dcsimg
Prefer to talk to someone? Call a licensed agent: 1-855-289-9175
Car Insurance Quotes
Get Personalized Car Insurance Quotes
ZIP

Valid zip code required

AGE

Please enter valid age between 16-100.

CURRENTLY INSURED?

Please select your current insurer.

MARRIED?
HOME OWNER?
SERVED IN MILITARY?
Shop - Auto insurance comparison shopping made easy!
COMPARE COMPANIES
Get matched instantly with up to 20 insurers in your area. Shopping made easy.
COMPARE QUOTES
We suggest choosing at least 3 companies to find one that works best for you.
SAVE MONEY
Comparison shopping can save you hundreds of dollars or more.

Auto insurance for seniors guide

GettyImages-491267652-compressorThere are 46 million seniors in the U.S., a number that is expected to balloon to 98 million by 2060. The number of licensed senior drivers increased by 38 percent from 2006 to 2016.

Driving as you get older comes with several considerations and potential challenges, especially when it comes to insurance and safety issues.

On this page, we'll review what you need to know about car insurance for seniors, how age affects costs, licensing requirements by state and ways to keep down your auto insurance costs.

Auto insurance costs for seniors

How your age affects rates

License issues for seniors

Ways to keep down your auto insurance rates

How to add a senior driver to your insurance

When is it time to stop driving?

Navigating car insurance for seniors 

 

Auto insurance costs for seniors

Car insurance rates for seniors vary by state and age.

"Maryland prohibits higher rates by law for those that are 65 or older. Similar laws exist in New Jersey. Other states, like California, have recently passed laws that ban using gender to determine insurance rates, so passing laws to make insurance rates are fair for seniors could be something we see gain traction elsewhere," says Eric Poe, chief operations officer of the not-for-profit CURE Auto Insurance.

Similar to teenage drivers, seniors drivers often face higher insurance rates. Insurance companies typically view senior drivers as a higher risk. Seniors may encounter age-related impairments that affect their vision and mobility.

"Auto insurance rates are typically more expensive for seniors because insurers consider them to be high-risk drivers. As people age, their eyesight, hearing, reflexes, and so on tend to deteriorate, and insurers see this as a liability," says Tony Arevalo, a licensed insurance agent and founder of the company CarSurance. "On top of this, seniors have a tendency to suffer more grave injuries during accidents, thus being more expensive to treat."

Seniors make up 19 percent of all licensed drivers. They account for 18 percent of all traffic fatalities during the year.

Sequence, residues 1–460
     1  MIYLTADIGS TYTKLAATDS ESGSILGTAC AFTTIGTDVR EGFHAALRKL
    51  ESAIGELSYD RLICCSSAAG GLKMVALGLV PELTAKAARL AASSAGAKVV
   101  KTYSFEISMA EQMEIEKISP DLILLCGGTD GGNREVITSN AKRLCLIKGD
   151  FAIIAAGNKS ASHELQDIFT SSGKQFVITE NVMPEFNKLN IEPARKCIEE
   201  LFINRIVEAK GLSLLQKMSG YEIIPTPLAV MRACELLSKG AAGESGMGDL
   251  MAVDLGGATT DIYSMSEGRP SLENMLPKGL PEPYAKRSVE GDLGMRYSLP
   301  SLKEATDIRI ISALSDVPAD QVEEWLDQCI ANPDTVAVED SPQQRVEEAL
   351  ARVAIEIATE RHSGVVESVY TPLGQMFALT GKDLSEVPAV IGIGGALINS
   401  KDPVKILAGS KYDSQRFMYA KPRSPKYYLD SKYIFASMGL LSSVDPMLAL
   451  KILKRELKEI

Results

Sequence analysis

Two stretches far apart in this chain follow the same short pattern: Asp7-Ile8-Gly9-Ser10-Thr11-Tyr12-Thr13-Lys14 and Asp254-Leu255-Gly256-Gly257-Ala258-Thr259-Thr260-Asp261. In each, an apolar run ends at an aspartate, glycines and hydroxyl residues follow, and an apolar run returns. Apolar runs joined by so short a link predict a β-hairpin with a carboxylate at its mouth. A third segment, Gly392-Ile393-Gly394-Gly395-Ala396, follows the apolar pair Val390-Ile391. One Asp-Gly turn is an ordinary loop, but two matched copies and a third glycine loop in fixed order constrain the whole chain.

In 2016 (the most recent year data is available), 6,764 seniors were killed in car crashes. However, that figure represents a decline over a 10-year period, though.

 

How your age affects rates

Government data indicates that the risk of fatal crashes per miles traveled is higher among seniors age 70 to 74 and those 85 and older. This group also has higher crash rates in general than other age groups. Along with age-related vision and mobility changes, this may account for why insurance rates tend to be higher for older drivers.

Auto insurance rates for seniors usually increase as you age. Here are the average rates by age for three coverage sets:

AgeState minimum50/100/50100/300/100
55$494$560$1,363
65$515$585$1,402
75$630$718$1,651
85$778$887$1,987

Here are the full-coverage auto insurance averages for three senior age groups by state: 

StateAge 65

Age 75

Age 85

Alaska

$1,316

$1,554$1,767

Alabama

$1,409

$1,660 

$2,053

Arkansas

$1,452

$1,776$2,203
Arizona

$1,458

$1,766

$2,185

California

$1,848

$2,152$2,396

Colorado

$1,613

$1,909

$2,332

Connecticut$1,846$2,254$2,854

Delaware

$1,668

$2,047

$2,479

District of Columbia

$1,675

$2,222$2,728

Florida

$2,313

$2,688

$3,487

Georgia

$1,684

$2,057$2,556

Hawaii

$1,287

$1,287

$1,287

Iowa

$978$1,140$1,380
Idaho

$1,054

$1,301$1,622

Illinois

$1,160

$1,493$1,869
Indiana

$1,147

$1,347

$1,673

Kansas

$1,291

$1,477$1,794

Kentucky

$1,561

$1,894

$2,387

Louisiana

$2,565

$2,540

$2,531

Massachusetts

$1,159

$1,238

$1,351

Maryland

$1,721

$1,753

$1,753

Maine

$854

$853

$849

Michigan

$2,720

$3,367

$4,125

Minnesota

$1,178

$1,380

$1,682

Missouri

$1,211

$1,438

$1,794

Mississippi